When I bought my fist guitar back in 2000 I chose it because my favorite color is green. It was an ugly Washburn with dual humbuckers and a rosewood neck. It sounded terrible. Not because it was a bad guitar but because I’m not a fan of humbuckers on a solid body. But that was the guitar I did most of my learning on. The foundation of my current skill set was forged by playing Smashing Pumpkins songs over and over on that ugly dissonant sounding guitar.
When I became a decent musician and knew just a tad more about guitars I went out and bought a Squier Stratocaster. This was a downgrade from my Washburn but it had two single coil pickups and came pretty close that trebbly Fender sound I loved. Eventually I became knowledgeable enough to know exactly what sound I wanted my guitar to make and I upgraded to another green guitar - a Fender Standard Strat with a maple neck.
Had I not known how to play guitar in the first place not one of those guitars would ever have sounded good. There were many times when I swore that if I had a better guitar I would be a better player. I had this crazy idea that as soon as I got that Fender I would be on stage playing for adoring crowds. But that never happened because its all about skill.
I’ve been playing guitar for almost a decade now and I finally see this issue clearly. Great songs aren’t hashed out on brand name expensive guitars, they’re created in your heart first. You can hand me a cheap beat up guitar and I’ll write a beautiful song people love on it while someone who needs their Fender 1950’s Buddy Holly Reissue to write a song will churn out crap.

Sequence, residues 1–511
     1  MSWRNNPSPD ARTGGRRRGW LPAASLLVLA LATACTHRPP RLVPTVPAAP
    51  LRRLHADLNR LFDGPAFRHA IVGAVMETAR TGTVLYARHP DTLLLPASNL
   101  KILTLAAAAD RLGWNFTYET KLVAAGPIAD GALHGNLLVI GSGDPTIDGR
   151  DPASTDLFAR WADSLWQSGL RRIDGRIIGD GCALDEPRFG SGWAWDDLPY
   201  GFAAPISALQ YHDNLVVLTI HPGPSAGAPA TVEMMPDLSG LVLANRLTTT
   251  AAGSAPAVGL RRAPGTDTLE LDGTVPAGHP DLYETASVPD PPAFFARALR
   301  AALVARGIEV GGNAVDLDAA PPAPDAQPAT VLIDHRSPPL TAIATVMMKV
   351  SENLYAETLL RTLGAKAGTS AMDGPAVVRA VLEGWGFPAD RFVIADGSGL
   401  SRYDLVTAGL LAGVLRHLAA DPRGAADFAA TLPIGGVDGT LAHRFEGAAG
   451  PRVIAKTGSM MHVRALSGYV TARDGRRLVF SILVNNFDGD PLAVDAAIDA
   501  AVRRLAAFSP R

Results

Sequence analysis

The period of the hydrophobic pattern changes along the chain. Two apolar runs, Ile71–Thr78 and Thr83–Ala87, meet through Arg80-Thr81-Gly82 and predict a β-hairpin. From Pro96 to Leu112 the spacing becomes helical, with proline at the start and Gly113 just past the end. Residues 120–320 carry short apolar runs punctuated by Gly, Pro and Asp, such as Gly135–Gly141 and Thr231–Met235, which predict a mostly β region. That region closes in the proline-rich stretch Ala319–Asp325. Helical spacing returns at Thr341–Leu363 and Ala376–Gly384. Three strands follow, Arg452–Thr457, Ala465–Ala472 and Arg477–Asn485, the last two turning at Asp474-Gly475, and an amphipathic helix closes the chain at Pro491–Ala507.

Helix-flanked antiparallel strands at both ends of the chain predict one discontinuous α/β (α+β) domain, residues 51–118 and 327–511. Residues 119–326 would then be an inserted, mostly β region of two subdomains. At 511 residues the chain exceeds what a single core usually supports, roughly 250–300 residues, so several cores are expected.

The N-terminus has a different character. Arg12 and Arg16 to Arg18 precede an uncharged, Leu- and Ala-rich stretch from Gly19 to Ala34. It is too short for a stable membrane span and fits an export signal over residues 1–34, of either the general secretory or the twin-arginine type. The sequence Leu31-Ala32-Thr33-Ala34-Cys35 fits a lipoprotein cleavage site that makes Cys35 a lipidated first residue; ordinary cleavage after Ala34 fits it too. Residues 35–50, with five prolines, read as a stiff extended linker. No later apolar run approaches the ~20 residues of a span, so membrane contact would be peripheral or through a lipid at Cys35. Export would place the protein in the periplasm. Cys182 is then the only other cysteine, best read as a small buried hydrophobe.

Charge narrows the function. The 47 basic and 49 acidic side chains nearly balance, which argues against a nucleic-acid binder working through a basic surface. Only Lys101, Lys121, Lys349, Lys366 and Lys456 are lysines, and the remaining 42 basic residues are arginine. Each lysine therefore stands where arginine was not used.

In fact just recently I was over at my friend Joe’s and he had this seriously old Epiphone with a gaping hole in the back of it. The strings were rusted, the action was awful, and the neck had indentations in the exact same places I like to play which combined with the action on the guitar made it even more difficult to play. But I picked this guitar up (be warned: if I come over and you have a guitar lying around, I’m going to play it), gave it love and played beautiful music on it. If I went out and played in public with this thing people would think I lived in a box. But I fell in love with that guitar despite its shortcomings because at the moment I played it the focus was on the music and it was as if the guitar didn’t exist. Like it was just me and my fingers and you could have substituted any guitar for the one I already had in my hands.
Don’t get me wrong, I don’t hate expensive brand name guitars. I’m not saying this because I own a crappy guitar and long for a nice one. Right now I’m writing on an Epiphone Dot Studio. I had been listening to Pete Yorn a lot and always wanted to play a Dot like him. All I’m saying is that the important thing is the music. I’m talking the notes coming out of the guitar and the feelings conveyed by them. I think the measure of a great song is when it moves people no matter what combination of gear its played out of. Every instrument is going to have its tonal differences but when your music transcends those you know you’ve done something right.